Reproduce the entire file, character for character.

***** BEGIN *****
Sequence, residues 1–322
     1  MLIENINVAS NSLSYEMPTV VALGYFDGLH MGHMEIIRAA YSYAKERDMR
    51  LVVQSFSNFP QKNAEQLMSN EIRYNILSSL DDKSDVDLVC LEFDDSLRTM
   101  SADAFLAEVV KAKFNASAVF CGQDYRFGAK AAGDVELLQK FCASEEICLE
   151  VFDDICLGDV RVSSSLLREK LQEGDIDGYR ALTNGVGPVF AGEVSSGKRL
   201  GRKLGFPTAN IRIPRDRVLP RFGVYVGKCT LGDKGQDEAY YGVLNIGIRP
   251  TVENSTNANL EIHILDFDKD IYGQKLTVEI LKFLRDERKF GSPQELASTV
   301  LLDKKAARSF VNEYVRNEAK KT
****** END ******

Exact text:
Sequence, residues 1–322
     1  MLIENINVAS NSLSYEMPTV VALGYFDGLH MGHMEIIRAA YSYAKERDMR
    51  LVVQSFSNFP QKNAEQLMSN EIRYNILSSL DDKSDVDLVC LEFDDSLRTM
   101  SADAFLAEVV KAKFNASAVF CGQDYRFGAK AAGDVELLQK FCASEEICLE
   151  VFDDICLGDV RVSSSLLREK LQEGDIDGYR ALTNGVGPVF AGEVSSGKRL
   201  GRKLGFPTAN IRIPRDRVLP RFGVYVGKCT LGDKGQDEAY YGVLNIGIRP
   251  TVENSTNANL EIHILDFDKD IYGQKLTVEI LKFLRDERKF GSPQELASTV
   301  LLDKKAARSF VNEYVRNEAK KT